Ad Banners use your browser to mine for their bitcoin

Malvertising can do many things, a common trick is when it hijacks your browser and redirects you to another website. Similarly, it could open another browser window and send that traffic to another website. This trick is not new, we've seen and reported on it for years. It's so common you may see it today at imgur if you turn your ad blocker off. Ad networks never did quite get the hang of stopping such shenanigans, so user have blocked ads instead.

Welivesecurity report on a new trick in the old banner ad hijack, one where sneaky JavaScript files are apparently used to mine cryptocurrencies directly within the browser. Your browser. It's a quick and dirty way of distributing the Javascript to many computers at once, with little effort.

We started digging into our telemetry and found that the threat was partially distributed using malvertising. This kind of CPU-intensive task is generally prohibited by the majority of ad networks because it substantially degrades the user experience. It might seem counterintuitive to mine cryptocurrencies in the browser – we know that mining bitcoins requires a lot of CPU power – but the cybercriminals, as we will see later on, chose to mine cryptocurrencies that do not require custom hardware to mine effectively. Also, it is easier to reach a significant number of machines by “infecting” websites than it is by infecting user machines.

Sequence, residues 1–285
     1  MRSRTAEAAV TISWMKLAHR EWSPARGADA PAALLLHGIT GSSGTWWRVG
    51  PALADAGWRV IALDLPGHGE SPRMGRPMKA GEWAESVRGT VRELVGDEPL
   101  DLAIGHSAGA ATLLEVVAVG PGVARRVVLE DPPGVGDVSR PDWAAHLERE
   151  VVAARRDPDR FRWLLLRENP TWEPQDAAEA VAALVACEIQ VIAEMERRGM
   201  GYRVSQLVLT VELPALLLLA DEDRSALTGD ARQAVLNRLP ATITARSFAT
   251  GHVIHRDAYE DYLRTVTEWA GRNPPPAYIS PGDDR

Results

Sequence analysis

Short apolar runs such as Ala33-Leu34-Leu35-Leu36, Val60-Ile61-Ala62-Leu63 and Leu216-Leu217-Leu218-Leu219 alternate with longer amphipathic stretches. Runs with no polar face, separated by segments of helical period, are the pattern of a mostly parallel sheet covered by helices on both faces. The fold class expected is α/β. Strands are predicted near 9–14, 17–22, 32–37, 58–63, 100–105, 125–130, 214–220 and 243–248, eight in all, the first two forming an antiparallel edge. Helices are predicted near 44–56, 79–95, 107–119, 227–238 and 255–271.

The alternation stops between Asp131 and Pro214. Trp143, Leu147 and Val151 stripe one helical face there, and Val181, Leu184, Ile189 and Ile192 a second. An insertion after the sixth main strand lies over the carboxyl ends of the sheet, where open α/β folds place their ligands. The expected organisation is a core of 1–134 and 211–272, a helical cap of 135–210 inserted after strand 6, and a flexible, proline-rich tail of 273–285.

Welivesecurity then goes into great detail of how the Javascript hijacks your browser CPU, and where this is most common on the web. The five main countries affected are Russia, Ukraine, Belarus, Kazakstahn and Moldova - but the Javascript doesn't discriminate based on IP, the spread is via language.

Weivesecurity also notes that this isn't a new idea at all, and reminds us of Tidbit, a company created by MIT students that offered web masters a javascript that would mine Bitcoin in visitors browsers as an alternative to hosting banner ads. However, Tidbit was served a subpoena by the New Jersey Attorney General’s office because they used the users’ computing power without their agreement, and after a settlement, Tidbit was abandoned.

The websites that are targeted with this are popular video streaming and game streaming services, ensuring that the visitor and their browser stay around for as long as possible to mine.

To ensure that your browser isn't hijacked in this manner, you can use various plugins to block Javascript in general and bitcoin mining in particular in Chrome. You can also harden your system with anti virus products that can be set to block unwanted scripts using your system.

about the author

Dabitch Creative Director, CEO, hell-raising sweetheart and editor of Adland. Globetrotting Swede who has lived and worked in New York, London, San Francisco, Amsterdam, Copenhagen and Stockholm.

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